Store variables in cookies in PHP

In a cookie you can store very little data (up to 4093 characters per cookie), and it is only possible to store up to 20 cookies per domain (this is important to keep in mind if in different sessions of our site we use cookies), and a browser can only store up to 300 cookies in total.

Store variables in cookies in PHP | Learn PHP | In a cookie you can store very little data (up to 4093 characters per cookie), and it is only possible to store up to 20 cookies per domain (this is important to keep in mind if in different sessions of our site we use cookies), and a browser can only store up to 300 cookies in total

In a cookie you can store very little data (up to 4093 characters per cookie), and it is only possible to store up to 20 cookies per domain (this is important to keep in mind if in different sessions of our site we use cookies) , and a browser can only store up to 300 cookies in total, shared among all the sites visited by that user (otherwise, the browser will begin to delete the oldest cookies, which is the reason why some sites use cookies to remember our data, ask us again and again to identify ourselves, periodically: it is because your cookie was deleted, displaced by other newer cookies from other sites that we visited

Due to this "scarcity" of resources of the cookies, it is very common to store only one code in the cookie, so that it identifies that user in that browser on that computer, and the rest of the associated data is stored in the server (in the hosting, usually in database).

An old myth (more than ten years, an eternity in the history of the web!) Generates all kinds of rumors about cookies: it is said that they reveal our private data, that spy our computer, and many other fantasies, caused for the ignorance of its true limits.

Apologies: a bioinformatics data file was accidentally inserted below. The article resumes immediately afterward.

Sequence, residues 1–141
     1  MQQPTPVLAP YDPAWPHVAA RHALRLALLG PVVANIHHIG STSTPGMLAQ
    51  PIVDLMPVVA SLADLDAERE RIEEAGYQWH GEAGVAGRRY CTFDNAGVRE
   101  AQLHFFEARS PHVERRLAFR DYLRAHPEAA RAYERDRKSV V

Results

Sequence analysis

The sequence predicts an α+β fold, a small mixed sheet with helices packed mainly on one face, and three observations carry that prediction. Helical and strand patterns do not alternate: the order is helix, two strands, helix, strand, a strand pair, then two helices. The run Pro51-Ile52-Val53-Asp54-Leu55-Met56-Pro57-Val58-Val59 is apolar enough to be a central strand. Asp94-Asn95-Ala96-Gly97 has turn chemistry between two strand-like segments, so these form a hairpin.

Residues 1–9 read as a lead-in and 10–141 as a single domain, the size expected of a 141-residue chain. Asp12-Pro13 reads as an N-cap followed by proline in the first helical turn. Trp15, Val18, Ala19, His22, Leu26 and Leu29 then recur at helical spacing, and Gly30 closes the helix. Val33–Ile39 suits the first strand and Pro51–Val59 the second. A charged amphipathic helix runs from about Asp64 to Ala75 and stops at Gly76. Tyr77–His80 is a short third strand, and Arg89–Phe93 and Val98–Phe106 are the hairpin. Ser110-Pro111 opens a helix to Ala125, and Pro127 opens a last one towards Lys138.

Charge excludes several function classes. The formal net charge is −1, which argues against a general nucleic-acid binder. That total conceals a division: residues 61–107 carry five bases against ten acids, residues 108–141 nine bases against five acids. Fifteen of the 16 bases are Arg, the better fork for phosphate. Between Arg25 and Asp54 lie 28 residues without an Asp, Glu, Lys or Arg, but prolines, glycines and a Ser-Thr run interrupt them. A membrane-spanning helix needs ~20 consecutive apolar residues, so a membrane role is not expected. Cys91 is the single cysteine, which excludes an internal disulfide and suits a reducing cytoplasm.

The only real capacity of a cookie is to store a few data in variables, which we can then use when, from the same machine and using the same browser, that user again enters our web page.

This almost trivial detail deserves to be emphasized: it is not the user itself, and it is not even the user's computer that is identified, but only the browser that was used; if from the same computer the same website or the brother or co-worker of our user entered using the same browser, we would confuse it with our user. And, on the contrary, if the same user enters using another browser, or from another computer, we will not recognize it ... and something else: you can only read the cookie from the domain that created it, so from "espionage", little and nothing. Except in case too sophisticated, which are only possible for large online advertising companies, which host their banners in the same domain but publish them in different sites and, in this way, detect the code of their cookie across several sites, and they can take statistics of the profile of visits of a user: if I visit such newspaper, and then such another site of auctions, etc. But that only creates profiles to show advertisements related to the user, and not individualizable data with name and surname (except for exceptions that, like witches, do not exist, but "there are, there are ..." although they require that some of the sites the chain share their databases, something that enters the terrain of the legal rather than the programming).

There are some considerations to keep in mind before moving on to the code.

The cookies are generated through an order that must reach the user's browser before it processes the HTML code that will make us see a page on our screen. To achieve this, the order for the creation of the cookie must travel in the header or header of the HTTP address that brings us the HTML file, from the server to the browser; so the execution of the function that creates a cookie file must be before any HTML code or any echo of PHP that already on the page (as with the sessions, as we will see soon), so that it arrives within the headers of the HTTP request.

In the following example we will see what would be the location of the code that creates a cookie:

<?php
setcookie("name" ,"John");